Home Topics Drug Discovery Schistosome Parasite Paralyzed by Chemical Produced by Tiny Aquatic Animal

Schistosome Parasite Paralyzed by Chemical Produced by Tiny Aquatic Animal

El-Alarna, Egypt: washing pots and pans in the Nile
El-Amarna, Egypt; women and girls washing pots, pans and clothing in the Nile. Pans are dried on rock stands. The Nile and its man-made canals are the life-blood of Egypt but are also responsible for its most serious endemic disease, schistosomiasis. This is a parasitic infection carried by the Bilharzia worm (Schistosoma haematobium or Schistosoma mansoni) and spread to humans by water-dwelling snails. In 1990, about 25% of the total population of Egypt, including 36% of all villagers, did not have access to safe water for drinking and food preparation.

A natural chemical that can paralyze and stop infection by the parasitic worms that cause the devastating tropical disease schistosomiasis has been isolated from tiny aquatic animals called rotifers, by scientists at the Morgridge Institute.

The newly characterized tetracyclic alkaloid chemical, which lead investigator, Phillip Newmark, PhD, and his team have called schistosome paralysis factor (SPF), rapidly paralyzed free-living water-borne schistosome cercariae larvae, and prevented them from infecting mice.

The researchers say their characterization of SPF could help scientists to develop new drugs for treating schistosomiasis, which is also known as bilharzia. The neglected tropical disease affects hundreds of millions of people in Africa, Asia, and parts of South America. “Based on its ability to block infection, SPF holds great promise as an antischistosomal agent,” the investigators concluded in their published paper in PLOS Biology. “Identifying the biologically active chemical scaffolds and understanding SPF’s mode of action are expected to provide important clues for preventing schistosomiasis.” The researchers’ report is titled, “A rotifer-derived paralytic compound prevents transmission of schistosomiasis to a mammalian host.”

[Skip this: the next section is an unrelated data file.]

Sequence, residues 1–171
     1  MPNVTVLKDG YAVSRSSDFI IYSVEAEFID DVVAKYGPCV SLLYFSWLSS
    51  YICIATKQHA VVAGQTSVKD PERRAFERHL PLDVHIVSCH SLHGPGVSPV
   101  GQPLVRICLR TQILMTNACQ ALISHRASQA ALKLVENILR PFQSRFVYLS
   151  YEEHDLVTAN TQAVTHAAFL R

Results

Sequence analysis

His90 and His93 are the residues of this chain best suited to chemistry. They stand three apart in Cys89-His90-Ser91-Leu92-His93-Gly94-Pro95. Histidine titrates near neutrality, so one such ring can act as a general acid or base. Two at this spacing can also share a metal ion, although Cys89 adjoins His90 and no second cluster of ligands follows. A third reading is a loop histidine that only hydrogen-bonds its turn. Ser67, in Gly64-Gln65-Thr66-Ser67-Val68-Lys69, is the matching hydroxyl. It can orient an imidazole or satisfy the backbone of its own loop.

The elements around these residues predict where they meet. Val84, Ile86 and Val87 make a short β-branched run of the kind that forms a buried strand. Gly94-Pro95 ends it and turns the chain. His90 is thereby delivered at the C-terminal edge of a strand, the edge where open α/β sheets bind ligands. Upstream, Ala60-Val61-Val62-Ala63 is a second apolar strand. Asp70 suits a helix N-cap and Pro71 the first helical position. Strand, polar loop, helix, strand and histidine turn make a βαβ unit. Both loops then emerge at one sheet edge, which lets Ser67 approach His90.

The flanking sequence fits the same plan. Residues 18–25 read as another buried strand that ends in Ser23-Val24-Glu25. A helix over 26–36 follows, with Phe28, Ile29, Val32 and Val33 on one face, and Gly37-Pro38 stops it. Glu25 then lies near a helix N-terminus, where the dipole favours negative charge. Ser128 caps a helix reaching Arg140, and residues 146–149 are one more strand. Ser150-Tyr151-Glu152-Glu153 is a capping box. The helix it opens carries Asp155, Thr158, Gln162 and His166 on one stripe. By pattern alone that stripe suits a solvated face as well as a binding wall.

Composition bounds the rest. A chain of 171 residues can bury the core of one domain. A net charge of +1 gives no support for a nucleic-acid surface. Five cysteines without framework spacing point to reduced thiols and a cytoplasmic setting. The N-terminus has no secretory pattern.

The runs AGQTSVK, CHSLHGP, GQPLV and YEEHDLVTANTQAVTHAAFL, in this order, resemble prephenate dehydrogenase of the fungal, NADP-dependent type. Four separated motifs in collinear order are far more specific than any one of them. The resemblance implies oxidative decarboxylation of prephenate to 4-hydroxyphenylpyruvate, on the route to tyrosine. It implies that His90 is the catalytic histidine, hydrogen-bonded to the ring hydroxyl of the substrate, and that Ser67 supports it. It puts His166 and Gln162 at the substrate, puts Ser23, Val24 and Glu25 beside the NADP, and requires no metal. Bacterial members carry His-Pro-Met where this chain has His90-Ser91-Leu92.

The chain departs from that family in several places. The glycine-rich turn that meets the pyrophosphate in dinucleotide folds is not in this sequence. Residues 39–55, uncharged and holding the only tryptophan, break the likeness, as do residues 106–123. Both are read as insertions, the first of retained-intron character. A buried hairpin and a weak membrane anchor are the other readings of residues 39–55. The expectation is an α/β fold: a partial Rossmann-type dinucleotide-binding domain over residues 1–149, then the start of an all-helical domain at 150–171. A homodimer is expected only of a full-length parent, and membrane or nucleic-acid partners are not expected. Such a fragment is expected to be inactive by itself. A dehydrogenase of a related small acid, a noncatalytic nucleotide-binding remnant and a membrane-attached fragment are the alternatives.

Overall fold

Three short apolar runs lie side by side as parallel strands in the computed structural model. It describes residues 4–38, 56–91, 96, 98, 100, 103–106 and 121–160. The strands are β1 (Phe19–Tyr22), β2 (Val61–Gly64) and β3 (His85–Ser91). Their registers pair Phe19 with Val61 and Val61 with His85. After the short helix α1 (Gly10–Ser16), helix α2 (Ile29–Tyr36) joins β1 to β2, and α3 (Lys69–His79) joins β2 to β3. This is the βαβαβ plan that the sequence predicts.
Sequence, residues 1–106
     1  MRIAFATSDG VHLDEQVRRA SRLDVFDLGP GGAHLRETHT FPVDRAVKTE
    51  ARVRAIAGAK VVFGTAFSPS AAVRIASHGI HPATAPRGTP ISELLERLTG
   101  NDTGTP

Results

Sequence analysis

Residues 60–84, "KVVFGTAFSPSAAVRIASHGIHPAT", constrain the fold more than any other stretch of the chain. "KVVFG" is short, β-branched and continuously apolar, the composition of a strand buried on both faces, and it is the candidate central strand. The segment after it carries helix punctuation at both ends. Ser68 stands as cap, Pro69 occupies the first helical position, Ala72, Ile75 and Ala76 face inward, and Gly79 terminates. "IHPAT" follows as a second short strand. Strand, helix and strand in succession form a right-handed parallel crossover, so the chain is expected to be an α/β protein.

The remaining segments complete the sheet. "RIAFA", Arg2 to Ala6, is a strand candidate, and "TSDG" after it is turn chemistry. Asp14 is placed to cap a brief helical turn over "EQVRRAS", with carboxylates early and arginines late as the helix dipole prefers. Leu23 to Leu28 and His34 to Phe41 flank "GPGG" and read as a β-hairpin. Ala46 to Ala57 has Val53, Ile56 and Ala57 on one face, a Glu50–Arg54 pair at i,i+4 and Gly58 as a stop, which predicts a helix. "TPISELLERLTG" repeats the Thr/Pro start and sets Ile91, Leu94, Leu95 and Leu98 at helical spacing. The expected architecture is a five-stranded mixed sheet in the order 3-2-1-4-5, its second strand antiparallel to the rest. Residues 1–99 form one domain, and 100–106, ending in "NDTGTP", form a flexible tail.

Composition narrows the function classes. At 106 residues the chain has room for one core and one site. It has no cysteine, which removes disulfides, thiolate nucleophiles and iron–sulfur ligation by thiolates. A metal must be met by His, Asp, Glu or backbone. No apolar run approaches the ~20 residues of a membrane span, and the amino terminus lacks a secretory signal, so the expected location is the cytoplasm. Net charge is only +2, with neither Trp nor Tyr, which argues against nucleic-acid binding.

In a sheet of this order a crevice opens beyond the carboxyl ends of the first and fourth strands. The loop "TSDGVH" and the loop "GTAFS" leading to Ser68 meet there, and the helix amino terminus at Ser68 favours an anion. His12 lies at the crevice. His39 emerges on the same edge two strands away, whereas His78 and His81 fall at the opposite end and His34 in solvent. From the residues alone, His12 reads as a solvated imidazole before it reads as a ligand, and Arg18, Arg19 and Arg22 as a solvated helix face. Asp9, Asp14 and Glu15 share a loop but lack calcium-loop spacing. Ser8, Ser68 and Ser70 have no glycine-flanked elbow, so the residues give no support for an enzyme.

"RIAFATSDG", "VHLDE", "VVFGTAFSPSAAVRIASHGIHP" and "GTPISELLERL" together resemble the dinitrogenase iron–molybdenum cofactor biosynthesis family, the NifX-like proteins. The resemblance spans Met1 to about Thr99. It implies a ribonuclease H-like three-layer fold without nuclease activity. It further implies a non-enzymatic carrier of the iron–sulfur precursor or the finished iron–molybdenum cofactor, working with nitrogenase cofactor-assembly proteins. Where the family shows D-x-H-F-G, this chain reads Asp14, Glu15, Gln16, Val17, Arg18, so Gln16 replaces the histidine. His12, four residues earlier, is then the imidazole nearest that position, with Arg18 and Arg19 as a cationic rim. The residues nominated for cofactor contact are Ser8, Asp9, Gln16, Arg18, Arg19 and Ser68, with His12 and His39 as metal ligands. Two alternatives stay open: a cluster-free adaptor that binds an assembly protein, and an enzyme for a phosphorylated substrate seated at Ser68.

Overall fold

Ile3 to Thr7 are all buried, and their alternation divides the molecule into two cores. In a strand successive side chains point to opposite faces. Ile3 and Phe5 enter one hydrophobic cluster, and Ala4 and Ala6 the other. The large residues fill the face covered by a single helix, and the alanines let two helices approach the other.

This movie shows the effects on cercariae of R. rotatoria-conditioned water (paralysis) vs. P. acuticornis-conditioned water (normal motility). [Phillip Newmark Lab, Morgridge Institute for Research]

Schistosomiasis is caused by parasitic flatworms of the genus Schistosoma. More than 200 million people are affected globally—commonly children—and 700 million are at risk of infection with schistosome parasites. The disease is second only to malaria in terms of numbers of people infected worldwide. The World Health Organization estimates that roughly 280,000 people die annually from schistosomiasis.

There is currently only one drug, praziquantel, for treating schistosome infection, and this is given to millions of school children each year. However, the drug only kills adult schistosomes, and does not stop reinfection. “Any time you’re talking about treating that many people with just one drug and no alternative, you’re really concerned about the ability of the parasites to develop resistance,” Newmark said. “And that’s becoming more and more of an issue as the geographic range of the parasite may be spreading and hybrids between human- and livestock-infecting schistosome species are being reported.”